Ratings Key



★★★★
= Excellent. The best the genre has to offer.
★★★
1/2 = Very Good. Perhaps not "perfect," but undoubtedly a must-see.
★★★ = Good. Accomplishes what it sets out to do and does it well.
★★1/2 = Fair. Clearly flawed and nothing spectacular, but competently made. OK entertainment.
★★ = Mediocre. Either highly uneven or by-the-numbers and uninspired.
1/2 = Bad. Very little to recommend.
= Very Bad. An absolute chore to sit through.
NO STARS! = Abysmal. Unwatchable dreck that isn't even bad-movie amusing.
SBIG = So Bad It's Good. Technically awful movies with massive entertainment value.

Thursday, February 16, 2012

Devil Times Five (1974)

... aka: Horrible House on the Hill, The
... aka: People Toys
... aka: Tantrums

Directed by:
Sean MacGregor
David Sheldon
(uncredited)
Sandra Lee Blowitz (uncredited)

A quirky, one-of-a-kind and oddly enjoyable blackly comic shocker; this had an extremely troubled production history which often causes coherence and pacing problems, but at other times manages to enhance the overall weirdness, making the film that much more enjoyable. Grumpy bazillionaire Papa Doc (Gene Evans), who's made a fortune building retirement villages and resort complexes across the U.S., is planning on opening up a new branch and brings along a pair of doctors; experienced Harvey (Sorrell Booke), who's a brilliant doctor but something of a pushover, and his daughter Julie's (Joan McCall) boyfriend Rick (Taylor Lacher), who refuses to bite his tongue around his abrasive, bossy future father-in-law, or kiss his ass. All of the above plus Papa's unfaithful, nympho wife Lovely (Carolyn Stellar) and Harvey's unhappy, boozy wife Ruth (Shelley Morrison) all decide to spend the weekend at Papa's remote ski lodge at Lake Arrowhead to get the plans in motion. Because of bad weather, they all get snowed in and the phone lines are down. What better time for a van transporting a handful of deranged young folks to crash nearby? Five of the psychotic kids escape into the snow and eventually show up at the cabin.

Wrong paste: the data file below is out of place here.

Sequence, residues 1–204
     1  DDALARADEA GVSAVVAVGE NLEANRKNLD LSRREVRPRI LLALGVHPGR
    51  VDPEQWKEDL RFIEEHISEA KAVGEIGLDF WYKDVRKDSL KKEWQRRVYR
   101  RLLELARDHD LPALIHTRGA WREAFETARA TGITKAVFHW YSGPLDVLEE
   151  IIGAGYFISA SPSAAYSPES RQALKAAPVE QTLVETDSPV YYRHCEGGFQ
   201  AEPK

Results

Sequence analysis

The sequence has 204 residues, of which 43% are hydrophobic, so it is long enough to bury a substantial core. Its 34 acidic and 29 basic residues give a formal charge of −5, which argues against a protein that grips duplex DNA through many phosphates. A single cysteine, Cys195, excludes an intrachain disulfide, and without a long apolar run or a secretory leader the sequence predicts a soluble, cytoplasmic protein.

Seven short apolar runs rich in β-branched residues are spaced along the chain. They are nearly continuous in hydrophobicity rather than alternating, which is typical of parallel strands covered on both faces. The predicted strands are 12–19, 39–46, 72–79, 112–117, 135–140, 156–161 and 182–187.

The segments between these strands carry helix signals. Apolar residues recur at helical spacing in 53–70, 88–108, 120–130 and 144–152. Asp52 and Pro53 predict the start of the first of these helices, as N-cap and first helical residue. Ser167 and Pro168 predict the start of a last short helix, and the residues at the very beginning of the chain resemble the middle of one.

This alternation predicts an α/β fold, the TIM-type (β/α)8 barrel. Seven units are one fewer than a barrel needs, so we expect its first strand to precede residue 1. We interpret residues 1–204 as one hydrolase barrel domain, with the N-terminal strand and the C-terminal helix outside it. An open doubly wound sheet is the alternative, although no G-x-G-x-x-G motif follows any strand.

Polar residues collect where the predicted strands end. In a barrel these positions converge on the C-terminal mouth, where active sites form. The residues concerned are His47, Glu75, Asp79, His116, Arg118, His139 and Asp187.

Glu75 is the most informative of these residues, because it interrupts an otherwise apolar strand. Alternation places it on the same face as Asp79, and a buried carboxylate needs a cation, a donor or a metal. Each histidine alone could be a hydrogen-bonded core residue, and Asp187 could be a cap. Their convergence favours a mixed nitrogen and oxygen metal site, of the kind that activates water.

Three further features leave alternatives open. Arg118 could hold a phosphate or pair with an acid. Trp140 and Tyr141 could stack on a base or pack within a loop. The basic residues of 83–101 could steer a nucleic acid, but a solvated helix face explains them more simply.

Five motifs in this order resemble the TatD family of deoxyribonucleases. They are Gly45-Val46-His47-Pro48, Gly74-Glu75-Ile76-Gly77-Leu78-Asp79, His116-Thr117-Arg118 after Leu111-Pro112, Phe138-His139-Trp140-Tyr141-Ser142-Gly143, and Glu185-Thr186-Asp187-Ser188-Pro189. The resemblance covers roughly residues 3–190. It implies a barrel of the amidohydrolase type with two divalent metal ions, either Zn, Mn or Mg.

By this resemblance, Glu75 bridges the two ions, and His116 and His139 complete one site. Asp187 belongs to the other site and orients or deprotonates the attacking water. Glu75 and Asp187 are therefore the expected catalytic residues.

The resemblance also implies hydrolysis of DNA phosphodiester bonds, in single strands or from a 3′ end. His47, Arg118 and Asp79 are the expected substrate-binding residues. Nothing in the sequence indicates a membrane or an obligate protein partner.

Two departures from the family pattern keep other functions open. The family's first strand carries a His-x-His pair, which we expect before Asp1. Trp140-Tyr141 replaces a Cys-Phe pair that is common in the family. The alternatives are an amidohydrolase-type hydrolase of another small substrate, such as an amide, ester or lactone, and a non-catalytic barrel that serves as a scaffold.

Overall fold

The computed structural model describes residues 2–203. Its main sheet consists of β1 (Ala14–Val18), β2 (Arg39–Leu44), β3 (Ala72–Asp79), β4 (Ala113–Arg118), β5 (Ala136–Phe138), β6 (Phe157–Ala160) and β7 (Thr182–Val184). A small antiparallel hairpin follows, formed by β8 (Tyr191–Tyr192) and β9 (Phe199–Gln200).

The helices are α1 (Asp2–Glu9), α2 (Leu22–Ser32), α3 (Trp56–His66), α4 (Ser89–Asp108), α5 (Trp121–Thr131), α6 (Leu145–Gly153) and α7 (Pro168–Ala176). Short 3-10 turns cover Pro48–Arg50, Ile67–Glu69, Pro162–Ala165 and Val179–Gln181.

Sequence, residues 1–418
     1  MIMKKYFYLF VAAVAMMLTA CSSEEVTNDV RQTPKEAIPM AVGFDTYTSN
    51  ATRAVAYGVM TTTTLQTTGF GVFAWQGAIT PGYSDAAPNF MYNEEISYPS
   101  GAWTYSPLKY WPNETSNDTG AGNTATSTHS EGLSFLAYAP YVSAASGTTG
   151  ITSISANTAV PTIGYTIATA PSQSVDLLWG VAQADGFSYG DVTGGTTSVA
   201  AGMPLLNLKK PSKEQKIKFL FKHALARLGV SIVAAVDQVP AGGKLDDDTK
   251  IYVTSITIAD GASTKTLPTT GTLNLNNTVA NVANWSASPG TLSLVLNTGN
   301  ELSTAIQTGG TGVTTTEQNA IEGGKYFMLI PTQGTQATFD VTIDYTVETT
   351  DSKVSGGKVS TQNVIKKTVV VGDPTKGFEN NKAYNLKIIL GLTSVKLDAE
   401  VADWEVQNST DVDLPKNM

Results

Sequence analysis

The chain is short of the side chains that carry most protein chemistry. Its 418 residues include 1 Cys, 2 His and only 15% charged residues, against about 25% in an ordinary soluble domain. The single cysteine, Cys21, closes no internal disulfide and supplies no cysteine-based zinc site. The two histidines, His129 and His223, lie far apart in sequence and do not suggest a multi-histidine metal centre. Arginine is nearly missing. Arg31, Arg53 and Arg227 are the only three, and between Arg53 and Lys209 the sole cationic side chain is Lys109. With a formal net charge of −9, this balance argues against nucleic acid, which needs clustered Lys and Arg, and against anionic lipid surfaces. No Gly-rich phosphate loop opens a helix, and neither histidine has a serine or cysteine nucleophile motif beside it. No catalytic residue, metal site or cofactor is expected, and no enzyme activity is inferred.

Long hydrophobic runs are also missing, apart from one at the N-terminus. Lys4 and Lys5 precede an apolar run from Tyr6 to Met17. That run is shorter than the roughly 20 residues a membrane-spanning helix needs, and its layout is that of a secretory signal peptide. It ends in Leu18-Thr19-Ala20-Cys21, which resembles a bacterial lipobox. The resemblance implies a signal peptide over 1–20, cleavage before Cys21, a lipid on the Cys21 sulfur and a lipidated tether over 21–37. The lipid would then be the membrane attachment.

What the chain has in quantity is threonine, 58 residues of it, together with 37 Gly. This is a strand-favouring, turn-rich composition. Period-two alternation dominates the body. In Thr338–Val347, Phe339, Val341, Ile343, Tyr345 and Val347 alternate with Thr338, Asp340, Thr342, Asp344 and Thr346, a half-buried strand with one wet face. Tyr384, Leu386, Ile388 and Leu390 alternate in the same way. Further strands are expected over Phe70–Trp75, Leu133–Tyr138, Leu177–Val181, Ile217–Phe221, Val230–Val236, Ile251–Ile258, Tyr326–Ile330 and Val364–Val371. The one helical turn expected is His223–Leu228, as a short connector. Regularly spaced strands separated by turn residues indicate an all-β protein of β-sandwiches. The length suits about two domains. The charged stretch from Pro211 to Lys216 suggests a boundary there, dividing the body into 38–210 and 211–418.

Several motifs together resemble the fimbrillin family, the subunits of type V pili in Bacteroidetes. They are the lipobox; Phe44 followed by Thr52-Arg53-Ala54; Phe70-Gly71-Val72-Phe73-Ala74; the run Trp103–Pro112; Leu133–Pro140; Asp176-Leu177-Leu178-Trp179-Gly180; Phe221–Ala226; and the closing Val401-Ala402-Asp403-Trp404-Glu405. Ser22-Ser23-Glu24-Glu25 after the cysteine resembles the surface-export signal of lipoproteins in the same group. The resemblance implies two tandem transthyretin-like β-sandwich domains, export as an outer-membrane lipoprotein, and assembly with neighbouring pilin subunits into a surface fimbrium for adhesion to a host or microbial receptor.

Also crawling out of the wreckage from the van crash, a doctor pursues the escapees, only to immediately get killed upon arriving at the cabin. The children eventually turn on the others adults, devising clever ways to kill them off. The victims are so wrapped up in business and personal matters that they barely seem to realize that there's something not quite with the kids until it's too late. Orphaned Susan (Tia Thompson) has a thing for fire, precocious wannabe actor David (future star Leif Garrett) has a thing for chess, wigs and ladies clothing, Brian (Tierre Turner) fancies himself an army drill instructor and little Moe (Dawn Lyn, Garrett's real-life kid sister) is obsessed with fish, carries around a stuffed fish doll and thinks fish are her babies. Most interesting of all is the oldest of the children, a sullen albino girl named Hannah (Gail Smale), who passes herself off as a novice nun in charge of the others!




Working as a group, the killer kiddies rig the cabin's generator to hang the semi-retarded, bunny-loving caretaker (played by screenwriter John Durren) and use axes, wire, hammers, bear traps, pitchforks and a hand-made spear to kill. One victim is coated in gasoline and set on fire and another is killed with a scythe fashioned to a swing. During the most memorable bit, the nun surprises Papa's sexpot wife in the bathtub and holds her underwater as the youngest of the psychos throws live piranha into the tub. Only in the 1970s would a scene like that - featuring a nude woman in clear view of two children (one dressed as a nun, natch!) - have been shot!